In short, in order to ensure that the ministerial meeting ended with agreements and to satisfy as many countries as possible, the Marseilles Declaration was a veritable balancing act and exercise in ambiguity that substantially affected the issue of the secretariat. It was assumed that a series of meetings would be held beginning in December to clarify the more technical details. What no one foresaw was that the Israeli offensive in the Gaza Strip, at the end of the French Presidency, would block any chances of further progress.

Conclusions: The Legacy of the French Presidency

Euro-Mediterranean relations were substantially transformed under the French Presidency of the EU. Five issues deserve special attention as the most important parts of its legacy.

First, the French Presidency left such a complex institutional architecture, one in need of such balancing acts and able to cause such blockage, that its implementation is quite likely to monopolise the concerns of those in charge on both sides of the Mediterranean. In other words, as a result of these innovations, greater emphasis will be placed on the how, where and who than on the what and why.

Second, the presidency left six chosen projects, which must be infused with content and tied into similar initiatives that are already underway and for which appropriate sources of funding must be found. As these issues have not been settled, the coming presidencies (both those of the EU and those of the UfM) will be required to make as great of an effort, if not greater, to promote what was approved in 2008 as to propose new areas of action.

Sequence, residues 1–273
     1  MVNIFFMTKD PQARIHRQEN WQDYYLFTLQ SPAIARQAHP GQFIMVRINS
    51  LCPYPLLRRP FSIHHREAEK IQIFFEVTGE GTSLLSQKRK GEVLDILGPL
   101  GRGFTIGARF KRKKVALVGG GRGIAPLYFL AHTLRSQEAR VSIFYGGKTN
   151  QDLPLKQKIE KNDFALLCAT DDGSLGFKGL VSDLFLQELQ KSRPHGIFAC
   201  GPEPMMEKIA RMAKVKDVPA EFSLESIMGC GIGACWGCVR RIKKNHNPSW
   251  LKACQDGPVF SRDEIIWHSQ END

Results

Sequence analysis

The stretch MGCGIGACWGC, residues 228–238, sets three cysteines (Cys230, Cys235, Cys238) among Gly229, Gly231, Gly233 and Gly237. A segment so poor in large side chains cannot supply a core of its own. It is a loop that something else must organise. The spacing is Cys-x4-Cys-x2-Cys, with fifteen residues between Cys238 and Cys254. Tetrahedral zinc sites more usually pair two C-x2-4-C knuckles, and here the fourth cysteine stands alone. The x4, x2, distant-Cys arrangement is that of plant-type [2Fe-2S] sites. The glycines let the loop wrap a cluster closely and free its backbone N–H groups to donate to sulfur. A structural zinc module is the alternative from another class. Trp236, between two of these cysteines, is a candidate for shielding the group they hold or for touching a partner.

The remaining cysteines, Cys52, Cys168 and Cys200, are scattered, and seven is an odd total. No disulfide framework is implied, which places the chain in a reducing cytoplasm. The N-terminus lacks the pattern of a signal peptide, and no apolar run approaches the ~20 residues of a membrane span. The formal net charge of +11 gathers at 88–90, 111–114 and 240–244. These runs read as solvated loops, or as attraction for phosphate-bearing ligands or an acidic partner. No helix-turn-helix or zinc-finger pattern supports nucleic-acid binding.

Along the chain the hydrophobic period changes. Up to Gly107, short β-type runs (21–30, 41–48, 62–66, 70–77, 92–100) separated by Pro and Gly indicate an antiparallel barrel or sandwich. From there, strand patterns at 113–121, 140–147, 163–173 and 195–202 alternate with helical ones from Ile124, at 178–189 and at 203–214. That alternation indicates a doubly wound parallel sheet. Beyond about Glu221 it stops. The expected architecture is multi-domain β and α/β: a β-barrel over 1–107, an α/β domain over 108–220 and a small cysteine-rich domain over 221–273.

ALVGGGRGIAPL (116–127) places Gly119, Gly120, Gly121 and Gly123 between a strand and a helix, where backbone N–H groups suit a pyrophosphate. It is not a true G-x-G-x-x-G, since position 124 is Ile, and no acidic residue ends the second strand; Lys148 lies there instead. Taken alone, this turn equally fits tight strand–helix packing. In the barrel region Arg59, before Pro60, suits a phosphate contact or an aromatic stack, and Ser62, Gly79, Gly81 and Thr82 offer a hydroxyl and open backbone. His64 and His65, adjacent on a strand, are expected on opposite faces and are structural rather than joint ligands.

Moving on to lessons learned, the third component of this presidency’s legacy is the realisation that EU states cannot act manifestly unilaterally. The metamorphosis of Nicolas Sarkozy’s initial proposal makes it clear that not even a country as powerful as France can impose its point of view, even in an area like the Mediterranean, where it wields undeniable influence. The implementation of the Polish-Swedish Eastern Partnership initiative, within the framework of the EU, shows that other European countries have learned that the best way to advance their national priorities is through EU channels.

Fourth, despite having embraced the logic of variable geometry, the new institutional structure makes it even more urgent for there to be advances in the Middle East Peace Process for Euro-Mediterranean relations to yield results. The Gaza crisis, the outcome of the Israeli elections in 2009 and the paralysis experienced by the UfM serve as reminders to those who would forget that the construction of the Euro-Mediterranean area is hostage to the Arab-Israeli conflict.

Fifth and finally, this presidency left very high expectations: grandiloquent speeches, the attention lavished by the media on the UfM and the attention given to the creation of the secretariat in Barcelona have sparked growing interest in Euro-Mediterranean relations. However, such high expectations entail a certain risk, namely, they can lead to deep frustration.